From A Traveller's History of China, fourth edition p263-268
Note: the personal names of Chinese rulers were rarely used after they ascended the throne. For the Shang and Zhou dynasties, the names shown below are the formal ones taken by kings on their accession. For the Qin dynasty, the personal titles used by rules are given. After the Qin dynasty, reigning emperors were normally referred to only as 'Imperial Highness' or something similar and had no personal titles during their lifetimes. After their deaths, they were given posthumous titles: these are the titles shown below for rulers from the Han to the Yuan dynasties. (Wang Mang is an exception: this was his personal name). Personal names of rulers of the Han, Sui and Tang dynasties appear in parenthesis. Mongol titles or names are given in parenthesis for rulers of the Yuan dynasty. For the Ming and Qing dynasties it has become the usual practice to refer to emperors not by any personal title or name but by the title of their reign-period (which was used in the Chinese system of dates): for these two dynasties, therefore, titles of reign-periods are given. Strictly, it is incorrect to refer to, say, 'the Emperor Qianlong' as 'Qianlong' is not the emperor's personal name or title. 'The Qianlong Emperor' is preferable.
Xia existence not proven, probably c. 2100 - c. 1600 BC
Shang c. 1600 - c. 1050 BC
Zhou c. 1050 - 256 BC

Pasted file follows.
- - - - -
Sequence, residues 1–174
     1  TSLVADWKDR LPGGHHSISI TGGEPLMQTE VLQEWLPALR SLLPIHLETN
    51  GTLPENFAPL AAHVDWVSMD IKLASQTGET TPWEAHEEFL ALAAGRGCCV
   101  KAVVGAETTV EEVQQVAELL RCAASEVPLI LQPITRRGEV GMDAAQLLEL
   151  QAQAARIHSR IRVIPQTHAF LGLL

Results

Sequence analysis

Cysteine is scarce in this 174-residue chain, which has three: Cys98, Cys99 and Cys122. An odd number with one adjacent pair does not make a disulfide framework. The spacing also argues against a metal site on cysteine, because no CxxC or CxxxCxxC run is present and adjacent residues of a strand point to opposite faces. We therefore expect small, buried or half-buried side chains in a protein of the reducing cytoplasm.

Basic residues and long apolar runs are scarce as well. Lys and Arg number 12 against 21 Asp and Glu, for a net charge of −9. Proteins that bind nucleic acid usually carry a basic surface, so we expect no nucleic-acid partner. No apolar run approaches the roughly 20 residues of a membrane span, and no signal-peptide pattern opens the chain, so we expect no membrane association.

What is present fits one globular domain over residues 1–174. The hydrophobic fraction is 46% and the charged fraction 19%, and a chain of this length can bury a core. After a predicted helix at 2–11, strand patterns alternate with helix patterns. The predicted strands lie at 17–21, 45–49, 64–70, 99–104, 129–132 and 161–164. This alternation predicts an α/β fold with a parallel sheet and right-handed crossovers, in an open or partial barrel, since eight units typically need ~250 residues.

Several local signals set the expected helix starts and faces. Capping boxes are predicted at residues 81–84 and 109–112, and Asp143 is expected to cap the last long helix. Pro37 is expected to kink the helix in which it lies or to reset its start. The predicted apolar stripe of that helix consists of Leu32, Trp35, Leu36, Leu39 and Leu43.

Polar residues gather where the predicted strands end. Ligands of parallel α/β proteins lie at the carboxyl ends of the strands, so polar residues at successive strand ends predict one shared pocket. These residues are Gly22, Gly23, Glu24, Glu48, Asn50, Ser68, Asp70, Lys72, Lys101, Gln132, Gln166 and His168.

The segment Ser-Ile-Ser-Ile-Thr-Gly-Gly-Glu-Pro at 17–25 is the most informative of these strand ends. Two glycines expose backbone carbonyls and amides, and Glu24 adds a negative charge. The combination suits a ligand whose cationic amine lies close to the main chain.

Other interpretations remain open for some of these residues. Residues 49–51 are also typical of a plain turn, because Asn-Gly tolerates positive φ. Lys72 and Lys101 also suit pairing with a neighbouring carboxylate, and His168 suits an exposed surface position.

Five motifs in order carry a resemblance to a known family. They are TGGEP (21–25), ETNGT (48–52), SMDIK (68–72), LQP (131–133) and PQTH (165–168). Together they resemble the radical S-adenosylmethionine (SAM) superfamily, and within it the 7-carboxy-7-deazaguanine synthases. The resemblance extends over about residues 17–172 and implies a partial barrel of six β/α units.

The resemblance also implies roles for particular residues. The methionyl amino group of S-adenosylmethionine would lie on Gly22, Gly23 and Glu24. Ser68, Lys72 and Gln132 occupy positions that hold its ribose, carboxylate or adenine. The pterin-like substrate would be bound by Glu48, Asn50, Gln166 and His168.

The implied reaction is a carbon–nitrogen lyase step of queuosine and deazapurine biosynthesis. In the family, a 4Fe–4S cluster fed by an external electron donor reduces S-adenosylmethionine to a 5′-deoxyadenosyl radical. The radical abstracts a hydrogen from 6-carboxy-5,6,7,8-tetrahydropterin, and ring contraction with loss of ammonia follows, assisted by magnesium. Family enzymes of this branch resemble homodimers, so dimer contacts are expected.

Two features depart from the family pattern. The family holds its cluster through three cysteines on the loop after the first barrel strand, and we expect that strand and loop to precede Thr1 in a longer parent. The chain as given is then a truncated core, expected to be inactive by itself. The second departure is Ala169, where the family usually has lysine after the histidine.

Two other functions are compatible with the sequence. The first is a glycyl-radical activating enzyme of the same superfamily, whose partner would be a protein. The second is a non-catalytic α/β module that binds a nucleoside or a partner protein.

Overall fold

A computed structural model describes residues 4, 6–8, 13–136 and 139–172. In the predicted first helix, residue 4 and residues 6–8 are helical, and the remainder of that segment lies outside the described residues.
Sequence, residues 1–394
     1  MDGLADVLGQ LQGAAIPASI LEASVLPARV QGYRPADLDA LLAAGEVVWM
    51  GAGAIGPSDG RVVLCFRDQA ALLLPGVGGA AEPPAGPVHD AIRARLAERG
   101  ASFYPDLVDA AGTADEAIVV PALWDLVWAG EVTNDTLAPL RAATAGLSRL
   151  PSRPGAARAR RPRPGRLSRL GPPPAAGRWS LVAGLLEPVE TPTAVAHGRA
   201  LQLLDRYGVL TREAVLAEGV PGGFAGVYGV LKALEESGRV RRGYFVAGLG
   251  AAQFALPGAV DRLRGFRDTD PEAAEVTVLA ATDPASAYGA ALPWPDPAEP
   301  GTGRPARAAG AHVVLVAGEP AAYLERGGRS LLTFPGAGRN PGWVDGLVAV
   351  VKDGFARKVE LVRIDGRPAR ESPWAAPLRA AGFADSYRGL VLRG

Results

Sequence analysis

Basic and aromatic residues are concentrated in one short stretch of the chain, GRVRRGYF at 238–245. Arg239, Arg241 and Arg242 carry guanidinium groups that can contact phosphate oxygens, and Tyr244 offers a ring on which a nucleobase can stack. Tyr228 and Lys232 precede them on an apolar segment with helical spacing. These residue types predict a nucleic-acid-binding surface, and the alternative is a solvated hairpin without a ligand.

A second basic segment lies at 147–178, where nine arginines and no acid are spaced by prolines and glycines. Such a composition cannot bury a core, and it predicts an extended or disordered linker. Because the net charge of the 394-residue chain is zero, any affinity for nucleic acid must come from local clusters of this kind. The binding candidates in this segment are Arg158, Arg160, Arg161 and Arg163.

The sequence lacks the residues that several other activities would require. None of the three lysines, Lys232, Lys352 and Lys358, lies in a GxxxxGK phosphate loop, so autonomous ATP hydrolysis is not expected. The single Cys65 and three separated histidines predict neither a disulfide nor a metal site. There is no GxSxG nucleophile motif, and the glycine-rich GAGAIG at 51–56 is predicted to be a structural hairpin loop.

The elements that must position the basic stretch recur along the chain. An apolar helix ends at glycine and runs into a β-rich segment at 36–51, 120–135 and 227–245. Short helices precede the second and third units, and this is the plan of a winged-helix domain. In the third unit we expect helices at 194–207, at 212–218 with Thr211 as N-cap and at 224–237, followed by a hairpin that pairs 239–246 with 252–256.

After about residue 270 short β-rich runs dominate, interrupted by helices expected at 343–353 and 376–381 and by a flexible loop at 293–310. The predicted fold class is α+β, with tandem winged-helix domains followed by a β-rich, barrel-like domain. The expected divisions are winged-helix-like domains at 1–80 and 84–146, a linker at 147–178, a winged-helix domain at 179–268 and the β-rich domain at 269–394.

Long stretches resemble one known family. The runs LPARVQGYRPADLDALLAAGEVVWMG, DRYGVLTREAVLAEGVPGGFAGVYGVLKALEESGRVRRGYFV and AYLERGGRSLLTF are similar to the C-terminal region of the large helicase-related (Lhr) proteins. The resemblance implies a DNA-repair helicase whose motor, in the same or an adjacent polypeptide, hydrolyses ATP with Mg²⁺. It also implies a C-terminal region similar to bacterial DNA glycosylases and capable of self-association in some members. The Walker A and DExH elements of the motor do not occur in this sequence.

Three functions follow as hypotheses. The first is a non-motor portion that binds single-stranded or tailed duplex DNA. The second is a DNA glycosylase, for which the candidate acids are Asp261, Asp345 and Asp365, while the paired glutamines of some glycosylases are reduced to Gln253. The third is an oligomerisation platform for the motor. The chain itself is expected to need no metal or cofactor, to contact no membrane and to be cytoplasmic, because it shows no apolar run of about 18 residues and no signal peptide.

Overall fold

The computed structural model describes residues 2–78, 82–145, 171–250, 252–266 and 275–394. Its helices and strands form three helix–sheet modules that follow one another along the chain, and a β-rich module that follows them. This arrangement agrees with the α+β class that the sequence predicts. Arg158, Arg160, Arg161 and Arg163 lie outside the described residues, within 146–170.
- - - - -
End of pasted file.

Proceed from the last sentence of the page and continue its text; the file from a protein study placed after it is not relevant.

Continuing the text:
WESTERN ZHOU c. 1050 - 771 BC
EASTERN ZHOU 770 - 256 BC
Qin 221 - 206 BC
Han 206 BC - AD 220
WESTERN HAN 206 BC - AD 9
XIN AD 9 - 23
EASTERN HAN AD 25 - 220
The Three Kingdoms 220 - 80
Jin 265 - 420
The Sixteen Kingdoms (in parts of northern China) 304 - 439
The Northern and Southern Dynasties 420 - 589
THE SOUTHERN DYNASTIES
THE NORTHERN DYNASTIES
Sui 581 - 618
Tang 618 - 907
The Five Dynasties 907 - 60
Song 960 - 1279
NORTHERN SONG 960 - 1127
SOUTHERN SONG 1127 - 1279
Liao (in part of north China) 907 - 1125
Jin (in part of north China) 1115 - 1234
Yuan 1206 - 1368
Ming 1368 - 1644
* The same emperor ruled during both these reign-periods: he had been carried off by the Mongols and was replaced on the throne by a brother, but was later able to return and rule again.
Qing 1616 - 1911
*The same emperor ruled during both these reign-periods: until the Ming dynasty, it had been common for reign-periods to change during the course of a single reign, but after 1368 such changes became exceptional.
The Republic of China 1912 - 1949 (still in existence in Taiwan)
Presidents and Heads of State
*From 1917 until 1927 there were two rival governments in China, one in the north, enjoying international recognition, and one in the south, backed by the Chinese Nationalist Party. The southern government was led until his death in 1925 by Sun Yat-sen, though he did not take the title of president until 1921. From 1926 the northern government was totally dominated by the warlord Zhang Zuolin and had no chief executive. It collapsed in 1927. Zhang Zuolin fled from Beijing the following year shortly before it was occupied by Nationalist forces.
THE PEOPLE's REPUBLIC OF CHINA 1949 -
Heads of State/Presidents
*Liu Shaoqi was unconstitutionally removed from office during the Cultural Revolution - legally he remained head of state until his death in 1969. After his death his deputy, Dong Biwu, became acting head of state. The post was not officially filled again during the period of the Cultural Revolution and was abolished by the consitution promulgated in 1975, its powers being transferred to the general secretary of the Chinese Communist Party. The current constitution, adopted in December 1982, created a presidency: Li Xiannian became the first president in June 1983.